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In developed countries respiratory syncytial virus (RSV) causes busy epidemics during winter seasons but fortunately with very low levels of mortality in children. However, in developing countries the situation is different. In a recent meta-analysis it was estimated that globally RSV causes more than 100 000 deaths in children <5 years of age every year (Shi et al. Lancet 2017) and RSV is considered the second most important pathogen causing mortality in children only after malaria (Lozano et al. 2012 Lancet). This is something that we pediatricians in Finland and other developing countries often forget when we worry about crowded emergency departments, overfilled wards and busy on call shifts every winter during RSV epidemics. (Read more)

Despite decades of research efforts there are no vaccines against or effective antivirals available for RSV. Vaccine development has been challenging after unfortunate clinical trials with inactivated RSV vaccine in 1960s, which not only failed to protect children from RSV but also caused enhanced disease in RSV naïve children with two study participants dying due to severe disease. Furthermore, as natural infection with RSV fails to produce protective immune response leading to re-infections throughout lifetime, inducing protective immunity will be a challenge also for the vaccine development. We still lack complete understanding of the immunological mechanisms contributing to increased disease severity and poor immune responses in children with RSV.

During my post doctoral training I worked in Nationwide Children’s Hospital in Columbus, Ohio in Asuncion Mejias’ and Octavio Ramilo’s group focusing on immunological host responses in children with viral respiratory tract infections. We used systems analysis approach with an aim to combine flow cytometry derived cellular immunophenotype data and transcriptomic data from peripheral white blood cells with detailed clinical and microbiological data.

In Columbus, we used microarray based methods for the transcriptome analyses but in the past few years more powerful methods have been developed. Microarray based methods have been replaced by RNA sequencing (RNAseq) and advances in microfluidics and nanotechnology have enabled transcriptome analyses at single cell level. Earlier we analyzed pooled RNA from large number of cells but these novel methods allow us to simultaneously obtain thousands of single cell transcriptomes from each patient sample.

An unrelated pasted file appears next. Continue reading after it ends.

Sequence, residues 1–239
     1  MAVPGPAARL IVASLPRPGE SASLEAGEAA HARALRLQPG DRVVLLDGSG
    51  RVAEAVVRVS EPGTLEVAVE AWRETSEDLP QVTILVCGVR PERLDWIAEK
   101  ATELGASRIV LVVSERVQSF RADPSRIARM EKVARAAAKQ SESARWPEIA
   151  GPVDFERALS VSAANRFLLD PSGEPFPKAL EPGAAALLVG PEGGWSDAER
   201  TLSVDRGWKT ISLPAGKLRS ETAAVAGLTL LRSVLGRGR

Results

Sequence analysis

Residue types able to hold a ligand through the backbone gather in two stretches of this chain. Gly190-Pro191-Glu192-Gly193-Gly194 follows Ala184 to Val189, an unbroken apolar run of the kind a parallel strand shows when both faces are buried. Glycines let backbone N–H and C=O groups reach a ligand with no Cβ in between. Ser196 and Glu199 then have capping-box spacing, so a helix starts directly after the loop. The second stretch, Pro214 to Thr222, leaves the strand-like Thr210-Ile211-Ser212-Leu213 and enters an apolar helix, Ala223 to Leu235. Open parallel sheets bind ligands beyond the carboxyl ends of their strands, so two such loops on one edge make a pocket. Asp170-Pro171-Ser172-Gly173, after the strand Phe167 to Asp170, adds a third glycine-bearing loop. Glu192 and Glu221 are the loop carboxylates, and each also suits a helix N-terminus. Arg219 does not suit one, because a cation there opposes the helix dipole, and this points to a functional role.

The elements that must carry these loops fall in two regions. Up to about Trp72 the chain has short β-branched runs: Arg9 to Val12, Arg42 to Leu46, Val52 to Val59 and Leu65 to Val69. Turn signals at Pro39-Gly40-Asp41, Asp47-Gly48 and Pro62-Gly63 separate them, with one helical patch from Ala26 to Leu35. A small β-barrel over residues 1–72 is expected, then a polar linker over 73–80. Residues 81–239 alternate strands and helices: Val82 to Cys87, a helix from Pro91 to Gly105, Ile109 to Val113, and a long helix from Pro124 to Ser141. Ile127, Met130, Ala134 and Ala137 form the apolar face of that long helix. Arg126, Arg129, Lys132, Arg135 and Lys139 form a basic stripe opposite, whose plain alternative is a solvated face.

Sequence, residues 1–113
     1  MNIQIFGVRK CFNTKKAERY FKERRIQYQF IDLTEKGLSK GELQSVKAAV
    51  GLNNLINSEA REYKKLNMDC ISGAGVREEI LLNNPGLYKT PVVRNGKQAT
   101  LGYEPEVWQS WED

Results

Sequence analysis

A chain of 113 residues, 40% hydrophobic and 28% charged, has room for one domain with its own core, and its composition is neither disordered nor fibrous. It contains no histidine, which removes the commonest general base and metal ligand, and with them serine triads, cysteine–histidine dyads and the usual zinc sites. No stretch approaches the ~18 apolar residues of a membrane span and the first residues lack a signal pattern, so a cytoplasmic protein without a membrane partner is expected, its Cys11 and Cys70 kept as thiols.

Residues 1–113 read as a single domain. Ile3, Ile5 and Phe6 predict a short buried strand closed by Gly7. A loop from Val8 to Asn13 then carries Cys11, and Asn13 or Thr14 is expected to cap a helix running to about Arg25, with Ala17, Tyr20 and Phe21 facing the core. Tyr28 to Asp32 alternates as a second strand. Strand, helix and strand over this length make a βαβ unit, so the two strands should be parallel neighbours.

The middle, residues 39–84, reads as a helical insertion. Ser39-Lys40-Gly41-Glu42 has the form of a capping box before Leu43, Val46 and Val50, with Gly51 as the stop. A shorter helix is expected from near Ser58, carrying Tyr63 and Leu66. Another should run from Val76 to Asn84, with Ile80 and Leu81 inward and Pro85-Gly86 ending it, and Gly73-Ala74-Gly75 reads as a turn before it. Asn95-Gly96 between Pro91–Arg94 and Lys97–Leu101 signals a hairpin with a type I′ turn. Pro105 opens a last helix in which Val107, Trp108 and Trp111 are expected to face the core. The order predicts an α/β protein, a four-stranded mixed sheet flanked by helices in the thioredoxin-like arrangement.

After returning from Columbus a few years ago, I first wanted to focus on clinical work in order to advance my pediatric residency but I soon found myself planning new research projects. During the past winter season we started enrolling infants with RSV bronchiolitis in our study where we aim to take advantage of novel methods and use single cell RNAseq to gain better understanding of the host immune responses during RSV infection. The study will be conducted in collaboration with Päivi Saavalainen’s group from the University of Helsinki. Now that the RSV epidemic is over for this year, we will continue to enroll healthy controls. What constantly keeps amazing me is the positive attitude of the parents towards our study and research in general. Even if our study has no potential to help their sick child, they are willing to participate in order to help other children in the future. None of the parents we’ve approached so far have declined to participate in our study and we are truly thankful to all participating families.

I feel privileged to be able to continue research activities in parallel with my pediatric residency. For this I’m grateful for the flexibility of my supervisors in the Children’s Hospital and our residency program in the University of Helsinki and for the support from the Pediatric Research Center.